by Paolo Juvara
Last Wednesday the open source ERP community woke up with the news of the Consona acquisition of Compiere, one of the pioneers in open source ERP. The text of the announcement can be found here.
Since the announcement, many observers and commentators started a debate on whether this is a victory for open source or the sad demise of one the pioneers of the open source ERP category. Many also speculated on what might be in the store for the product, with most people interpreting the transaction primarily as a technology acquisition.
A recurring theme among commentators is that Compiere failed to embrace its community.
With such a symbolic event fresh in our mind, it is time to reflect on how Openbravo facilitates the development of its own community.
Last year I had commented on Adam Blum's post on The Seven Habits of Highly Effective Open Source Products. An effective open source product must display "a credible community with a credible effort to involve the community in the development of the product, as described in Adam's seven habits:
- Public source viewing
- Common license
- Public source code checkins
- Public bugs
- Public forums
- Anyone can contribute
- Public, complete and modifiable documentation"
How does Openbravo measures against Adam's seven habits?
The results of these efforts are a community that is lively, growing and productive.
- Openbravo offers public source viewing at http://code.openbravo.com
- Openbravo adopts a common license with the Openbravo Public License being a common variation of the popular Mozilla Public License
- Openbravo offers public source code checkins available either at http://code.openbravo.com, through the openbravo-commit mailing list, or on the #openbravo IRC channel on freenode.net.
- Openbravo offer a public issue tracker at http://issues.openbravo.com where any community member can view or report issues
- Openbravo hosts and moderates public forums on the Openbravo Forge mirrored on SourceForge.
- Openbravo accepts open contribution through a documented process either in the form of extension modules, core contributions or in many other ways.
- Openbravo maintains a public, complete and modifiable documentation available in the wiki.
But it does not stop there:
- Openbravo offers a public road map.
- Openbravo engages with its community on the direction of the product.
- Openbravo offers full visibility of the progress of its development process.
- Openbravo engages with its community in the design of upcoming features.
- Openbravo supports its community not only through forums but also through the #openbravo IRC channel on freenode.net.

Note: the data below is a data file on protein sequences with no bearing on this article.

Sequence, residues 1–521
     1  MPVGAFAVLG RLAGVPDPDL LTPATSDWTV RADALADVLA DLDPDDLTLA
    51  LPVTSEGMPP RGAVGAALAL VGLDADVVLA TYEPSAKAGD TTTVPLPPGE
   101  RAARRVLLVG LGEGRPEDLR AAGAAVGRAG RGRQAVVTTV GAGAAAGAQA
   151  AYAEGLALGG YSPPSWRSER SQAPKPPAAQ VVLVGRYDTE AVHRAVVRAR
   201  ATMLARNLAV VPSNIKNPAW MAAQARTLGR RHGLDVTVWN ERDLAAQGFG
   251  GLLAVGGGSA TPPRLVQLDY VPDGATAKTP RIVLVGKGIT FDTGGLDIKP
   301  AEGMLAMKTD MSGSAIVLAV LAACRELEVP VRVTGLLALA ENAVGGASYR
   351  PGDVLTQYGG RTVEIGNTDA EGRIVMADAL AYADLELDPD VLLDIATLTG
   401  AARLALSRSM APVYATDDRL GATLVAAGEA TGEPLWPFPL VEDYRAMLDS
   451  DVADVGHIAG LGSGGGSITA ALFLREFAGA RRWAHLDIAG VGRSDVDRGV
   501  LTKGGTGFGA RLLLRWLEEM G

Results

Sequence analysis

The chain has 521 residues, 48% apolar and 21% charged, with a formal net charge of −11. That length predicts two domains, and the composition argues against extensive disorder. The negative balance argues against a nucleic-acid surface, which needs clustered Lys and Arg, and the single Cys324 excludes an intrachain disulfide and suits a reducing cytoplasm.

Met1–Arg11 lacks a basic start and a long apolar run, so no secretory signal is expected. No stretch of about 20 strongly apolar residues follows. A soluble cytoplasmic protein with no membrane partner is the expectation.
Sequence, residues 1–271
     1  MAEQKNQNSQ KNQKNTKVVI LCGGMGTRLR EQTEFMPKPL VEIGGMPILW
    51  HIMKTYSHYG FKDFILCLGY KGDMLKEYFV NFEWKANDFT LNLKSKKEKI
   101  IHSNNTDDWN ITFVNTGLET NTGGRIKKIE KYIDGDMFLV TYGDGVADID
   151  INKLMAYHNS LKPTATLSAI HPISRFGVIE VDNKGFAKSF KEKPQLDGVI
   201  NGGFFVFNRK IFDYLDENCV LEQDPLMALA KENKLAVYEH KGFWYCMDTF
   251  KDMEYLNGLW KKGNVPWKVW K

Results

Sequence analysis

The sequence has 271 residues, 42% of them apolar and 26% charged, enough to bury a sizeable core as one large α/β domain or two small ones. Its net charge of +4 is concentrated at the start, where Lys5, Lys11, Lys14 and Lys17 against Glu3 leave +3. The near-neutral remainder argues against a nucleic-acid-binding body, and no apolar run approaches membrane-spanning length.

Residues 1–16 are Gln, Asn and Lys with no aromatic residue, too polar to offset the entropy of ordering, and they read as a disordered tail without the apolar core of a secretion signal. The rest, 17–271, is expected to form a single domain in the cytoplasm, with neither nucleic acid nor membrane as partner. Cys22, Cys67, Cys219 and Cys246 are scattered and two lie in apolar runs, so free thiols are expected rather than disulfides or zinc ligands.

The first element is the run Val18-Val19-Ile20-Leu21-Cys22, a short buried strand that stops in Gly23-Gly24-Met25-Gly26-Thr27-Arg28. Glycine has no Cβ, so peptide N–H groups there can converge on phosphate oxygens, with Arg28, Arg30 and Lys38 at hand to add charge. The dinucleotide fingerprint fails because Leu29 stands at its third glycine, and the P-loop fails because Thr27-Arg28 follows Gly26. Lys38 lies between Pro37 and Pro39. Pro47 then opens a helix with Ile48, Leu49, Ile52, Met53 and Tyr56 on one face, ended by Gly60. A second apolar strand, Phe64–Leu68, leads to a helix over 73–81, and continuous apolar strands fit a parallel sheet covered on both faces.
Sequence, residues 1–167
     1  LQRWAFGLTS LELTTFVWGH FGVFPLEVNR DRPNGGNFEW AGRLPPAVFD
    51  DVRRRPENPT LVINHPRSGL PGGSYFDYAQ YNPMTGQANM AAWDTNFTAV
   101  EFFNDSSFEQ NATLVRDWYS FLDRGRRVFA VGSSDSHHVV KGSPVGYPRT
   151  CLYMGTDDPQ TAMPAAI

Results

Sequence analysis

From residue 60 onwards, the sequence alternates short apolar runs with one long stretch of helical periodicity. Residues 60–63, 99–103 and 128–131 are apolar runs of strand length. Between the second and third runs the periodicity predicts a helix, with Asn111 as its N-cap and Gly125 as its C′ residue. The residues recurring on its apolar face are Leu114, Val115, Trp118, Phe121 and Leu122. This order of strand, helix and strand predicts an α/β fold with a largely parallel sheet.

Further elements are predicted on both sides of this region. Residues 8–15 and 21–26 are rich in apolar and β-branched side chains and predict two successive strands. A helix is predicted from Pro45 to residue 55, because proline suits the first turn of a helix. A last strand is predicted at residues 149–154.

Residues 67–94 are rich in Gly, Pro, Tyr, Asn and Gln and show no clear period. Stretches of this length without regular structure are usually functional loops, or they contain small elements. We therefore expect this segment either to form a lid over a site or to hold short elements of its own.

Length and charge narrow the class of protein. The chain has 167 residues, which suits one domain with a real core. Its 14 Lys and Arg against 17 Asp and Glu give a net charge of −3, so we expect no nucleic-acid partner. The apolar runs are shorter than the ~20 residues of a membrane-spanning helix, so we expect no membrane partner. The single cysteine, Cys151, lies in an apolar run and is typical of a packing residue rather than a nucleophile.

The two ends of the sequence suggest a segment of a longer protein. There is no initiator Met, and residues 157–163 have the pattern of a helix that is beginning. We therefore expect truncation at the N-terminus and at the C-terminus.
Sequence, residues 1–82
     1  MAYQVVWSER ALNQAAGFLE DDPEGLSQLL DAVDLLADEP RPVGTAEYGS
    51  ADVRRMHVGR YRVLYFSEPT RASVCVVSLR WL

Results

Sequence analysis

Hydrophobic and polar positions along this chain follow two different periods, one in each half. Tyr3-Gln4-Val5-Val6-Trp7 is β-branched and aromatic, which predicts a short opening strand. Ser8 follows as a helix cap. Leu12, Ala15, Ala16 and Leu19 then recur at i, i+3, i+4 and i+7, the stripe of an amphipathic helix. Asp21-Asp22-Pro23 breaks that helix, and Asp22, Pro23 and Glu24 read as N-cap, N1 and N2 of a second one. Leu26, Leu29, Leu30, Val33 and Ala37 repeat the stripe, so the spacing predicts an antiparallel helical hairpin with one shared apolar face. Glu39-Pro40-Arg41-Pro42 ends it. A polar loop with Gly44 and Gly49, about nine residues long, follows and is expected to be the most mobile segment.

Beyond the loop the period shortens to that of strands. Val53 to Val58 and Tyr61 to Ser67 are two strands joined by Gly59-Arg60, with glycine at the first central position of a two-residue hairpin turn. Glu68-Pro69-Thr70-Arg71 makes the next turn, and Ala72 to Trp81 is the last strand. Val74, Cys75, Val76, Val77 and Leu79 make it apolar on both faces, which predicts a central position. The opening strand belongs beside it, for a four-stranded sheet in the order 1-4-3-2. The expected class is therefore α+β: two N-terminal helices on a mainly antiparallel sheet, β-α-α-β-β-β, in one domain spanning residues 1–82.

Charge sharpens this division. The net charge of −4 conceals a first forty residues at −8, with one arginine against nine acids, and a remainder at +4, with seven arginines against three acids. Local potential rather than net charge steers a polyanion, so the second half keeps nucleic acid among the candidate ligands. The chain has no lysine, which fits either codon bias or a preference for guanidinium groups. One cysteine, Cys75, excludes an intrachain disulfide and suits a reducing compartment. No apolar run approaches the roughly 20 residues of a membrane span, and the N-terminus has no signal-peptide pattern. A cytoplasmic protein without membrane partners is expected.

- Openbravo engages with its community of developers through the openbravo-developer mailing list.
- Openbravo educates its community on its latest version with frequent public webinars.
- Openbravo hosts monthly open community meetings (see the log of the May session as an example).
- Openbravo goes beyond public source checkins and offers public visibility of the testing of those checkins and how they get integrated into the product through our continuous integration infrastructure.
- Openbravo engages its community of users through a collaborative QA process supported by an open test case repository.
- Openbravo offers a public collaboration space with the Openbravo Forge.
- Openbravo hosts and moderates a wiki that contains more than 3,000 articles, with 1,300 monthly edits, and servers around 35,000 unique monthly visitors.
- Openbravo has formalized its commitment to its community through the Openbravo Manifesto.
- Openbravo has adopted a business model that does not divorce its Community Edition users from its Professional Edition solutions but embraces the usage of the Community Edition. There is an easy and smooth transition path for those community users that are ready to enjoy the increased benefits of the Professional Edition. Similarly there is freedom of choice for developers and service providers to distribute their development either as open source or with a commercial license.
Looking at the public SourceForge statistics - which are public and independent -, for the period of May 2010:
- Activity ranking: 2
- Forum post: 655 (and this does not include any of the hundreds of discussions in the Openbravo Forge other than the core ones)
- Downloads: 23,845 (and this does not include the 2,480 downloads from the Ubuntu repository nor any of the thousands of downloads of extension modules from our own Central Repository)
- The Openbravo community is large and growing, with 10,426 registered members at the end of May and increasing at a pace of over 300 new members per month.
- The Openbravo community is engaged giving us feedback on the product, with anywhere between 20 and 30% of the defect and new feature requests reported in any given month coming from the open community.
- The Openbravo community is productive, with 361 public projects registered in the Openbravo Forge at the end of May and managed by our community.
- The Openbravo community is effective, having produced as of the end of May 161 modules distributed through the Central Repository to the entire ecosystem of users.